5 Reasons Why Some Are More Prone To Mosquito Bites Than Others

My husband always jokes that mosquitos like him because he’s so sweet (thereby implying that I am mean because I almost never get bit). It’s a joke, but there’s definitely something to it. We can go outside and I’m completely fine while he’s covered in bites.

This begs the questions, why are some people more prone to mosquito bites than others? It turns out there are reasons why and knowing what they are could prevent future bites. In this time of the Zika virus and other serious mosquito-borne illnesses, it pays to understand a little about what make someone a mosquito magnet.

5 Reasons Why Some Are More Prone To Mosquito Bites Than Others


Mosquitos are visual insects and they are drawn toward the color red, along with darker colors like black, navy, and brown. It may be to your advantage to wear light colors, especially during dusk and other times when mosquitoes are more active.

Blood Type

Research shows that people with Type O blood attract more than twice as many mosquitos as those with Type A blood (Type B blood attracted a med-range of these two).  I’m type A- and my husband is O, so this definitely explains some of his popularity with mosquitos.


In one study researchers found that significantly more mosquitoes landed on people who had recently imbibed a beer than on those who did not. Maybe choose a glass of wine or refrain altogether at that next BBQ if your goal is to avoid mosquitos.

Warm Bodies

Mosquitos are attracted to warm bodies. They are drawn to the heat and also the scent of sweat, so if you tend to run hot, beware.


Mosquitos love pregnant women. Researchers believe this is largely due to the fact that pregnant women secrete more carbon dioxide that non-pregnant people and the mosquitos use CO2 as a way to determine the location of their hosts. Pregnant women also tend to have higher temperatures, which goes along with the warm body point above. This is particularly alarming since the recent Zika virus outbreak. Pregnant women are encouraged to wear long sleeves, bug repellent, and to avoid being outdoors in areas where mosquitoes congregate.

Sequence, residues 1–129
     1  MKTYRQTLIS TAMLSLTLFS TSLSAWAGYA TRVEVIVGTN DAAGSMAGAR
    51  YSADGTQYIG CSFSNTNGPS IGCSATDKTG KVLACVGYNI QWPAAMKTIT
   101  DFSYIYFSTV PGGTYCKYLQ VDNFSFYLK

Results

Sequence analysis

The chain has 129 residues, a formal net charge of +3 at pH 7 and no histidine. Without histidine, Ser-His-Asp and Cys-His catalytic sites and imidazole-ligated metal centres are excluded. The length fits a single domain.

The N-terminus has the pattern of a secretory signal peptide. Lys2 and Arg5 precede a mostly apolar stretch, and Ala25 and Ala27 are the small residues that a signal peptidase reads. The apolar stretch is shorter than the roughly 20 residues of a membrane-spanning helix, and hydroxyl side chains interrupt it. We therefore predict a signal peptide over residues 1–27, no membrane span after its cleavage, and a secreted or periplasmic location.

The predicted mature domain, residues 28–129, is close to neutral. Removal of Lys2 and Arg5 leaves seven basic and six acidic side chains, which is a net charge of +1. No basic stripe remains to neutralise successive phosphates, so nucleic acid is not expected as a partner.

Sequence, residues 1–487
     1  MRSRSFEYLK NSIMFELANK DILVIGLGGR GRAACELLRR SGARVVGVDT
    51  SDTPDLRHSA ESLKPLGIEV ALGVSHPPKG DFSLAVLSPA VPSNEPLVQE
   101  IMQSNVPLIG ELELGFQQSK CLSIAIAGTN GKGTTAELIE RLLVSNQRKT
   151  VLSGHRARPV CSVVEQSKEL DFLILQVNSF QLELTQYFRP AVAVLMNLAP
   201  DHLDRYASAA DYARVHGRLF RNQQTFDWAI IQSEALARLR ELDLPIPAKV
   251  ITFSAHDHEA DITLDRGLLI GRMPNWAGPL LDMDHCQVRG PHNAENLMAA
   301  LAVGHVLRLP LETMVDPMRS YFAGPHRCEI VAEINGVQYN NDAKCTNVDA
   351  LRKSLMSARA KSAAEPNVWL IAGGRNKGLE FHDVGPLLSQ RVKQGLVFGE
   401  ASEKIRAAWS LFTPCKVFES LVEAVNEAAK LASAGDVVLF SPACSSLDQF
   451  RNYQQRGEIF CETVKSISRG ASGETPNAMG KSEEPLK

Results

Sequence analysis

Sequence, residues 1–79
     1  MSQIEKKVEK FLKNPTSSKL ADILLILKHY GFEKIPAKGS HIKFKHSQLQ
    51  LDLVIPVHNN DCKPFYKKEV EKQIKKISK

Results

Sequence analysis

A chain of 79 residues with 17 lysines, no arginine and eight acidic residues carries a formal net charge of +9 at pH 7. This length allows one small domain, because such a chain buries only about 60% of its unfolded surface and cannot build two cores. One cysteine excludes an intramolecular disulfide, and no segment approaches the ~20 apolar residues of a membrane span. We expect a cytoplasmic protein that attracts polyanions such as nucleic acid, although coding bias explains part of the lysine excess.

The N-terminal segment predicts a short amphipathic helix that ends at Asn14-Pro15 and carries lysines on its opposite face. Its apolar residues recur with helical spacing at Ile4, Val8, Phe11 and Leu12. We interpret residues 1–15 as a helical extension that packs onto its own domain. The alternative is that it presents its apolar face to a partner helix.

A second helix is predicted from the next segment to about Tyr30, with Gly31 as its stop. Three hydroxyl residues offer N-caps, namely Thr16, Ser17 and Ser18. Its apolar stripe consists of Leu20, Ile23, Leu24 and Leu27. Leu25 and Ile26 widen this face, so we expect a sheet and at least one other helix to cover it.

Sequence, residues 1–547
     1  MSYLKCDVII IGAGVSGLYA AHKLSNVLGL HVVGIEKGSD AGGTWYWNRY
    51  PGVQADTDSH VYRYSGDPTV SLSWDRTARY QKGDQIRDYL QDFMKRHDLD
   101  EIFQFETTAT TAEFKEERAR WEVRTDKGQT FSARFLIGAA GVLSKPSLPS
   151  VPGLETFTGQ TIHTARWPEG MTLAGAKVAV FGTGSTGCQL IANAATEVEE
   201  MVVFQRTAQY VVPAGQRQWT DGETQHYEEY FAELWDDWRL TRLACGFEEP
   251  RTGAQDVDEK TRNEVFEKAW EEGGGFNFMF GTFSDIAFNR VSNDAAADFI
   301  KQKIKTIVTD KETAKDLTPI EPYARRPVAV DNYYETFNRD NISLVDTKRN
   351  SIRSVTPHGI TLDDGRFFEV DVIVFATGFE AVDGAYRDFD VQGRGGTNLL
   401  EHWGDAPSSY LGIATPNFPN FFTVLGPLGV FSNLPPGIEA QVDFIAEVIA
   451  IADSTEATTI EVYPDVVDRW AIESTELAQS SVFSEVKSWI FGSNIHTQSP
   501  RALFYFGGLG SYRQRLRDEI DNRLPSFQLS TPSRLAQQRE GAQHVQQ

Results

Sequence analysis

So my husband may be sweet, but it’s more a matter of these particulars that make people mosquito magnets. Stay safe and exercise caution at that late summer BBQ. It’s not just annoying—mosquitos could seriously affect your health

Pamela Bofferding is a native Texan who now lives with her husband and sons in New York City. She enjoys hiking, traveling, and playing with her dogs.

This information has been made available by Ready Nutrition

Originally published August 22nd, 2016
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  • Mark Belk

    I have O type blood and hardly ever see a mosquito while others are getting eaten alive but I don’t sweat at all 99% of the time so maybe that is the reason.

  • Al Terego

    I always thought being Italian had something to do with why they are attracted to me… Or is that just for flies?

  • Visionaerie

    GreenMedInfo had a recent article on the best essential oils to repel mosquitoes, and Litsea cubeba or cubea was first! There is a Bug B Gone bar soap that has that. Also I was wondering if you could use a particular lozenge to change your breath (possibly something lemony) that would repel the little injectors? Looks like a great area for research! Thanks for posting this.

  • Steve

    I herd that if you eat garlic you smell so bad that mosquitoes won’t like you either. Can someone confirm this. How about onions too?

  • Rusty Brown in Canada

    I killed off hundreds and hundreds of mosquitoes this summer. I put out plastic buckets from the ice cream store filled with water and a bit of plant life in a shady corner and mosquitoes laid their eggs there. As they hatched and the larvae grew, I scooped them out and fed them to guppies in a water-filled plastic bin nearby. Apparently, the mosquitoes won’t lay eggs if there are guppies present, for obvious reasons, so separate containers are required.
    We’ve had very few mosquitoes this summer, partly because of drought in Southern Ontario most of the summer, but also because my guppies ate so many of them.
    If you don’t have guppies, you can just dump the pails once a week or so and refill for the next round of victims.

  • Karen

    Actually, studies have shown that if two people put their arms into mosquito-filled tanks, both get bitten equally, but some people have little to no reaction to the bites, while others have extreme reactions and some are in between.

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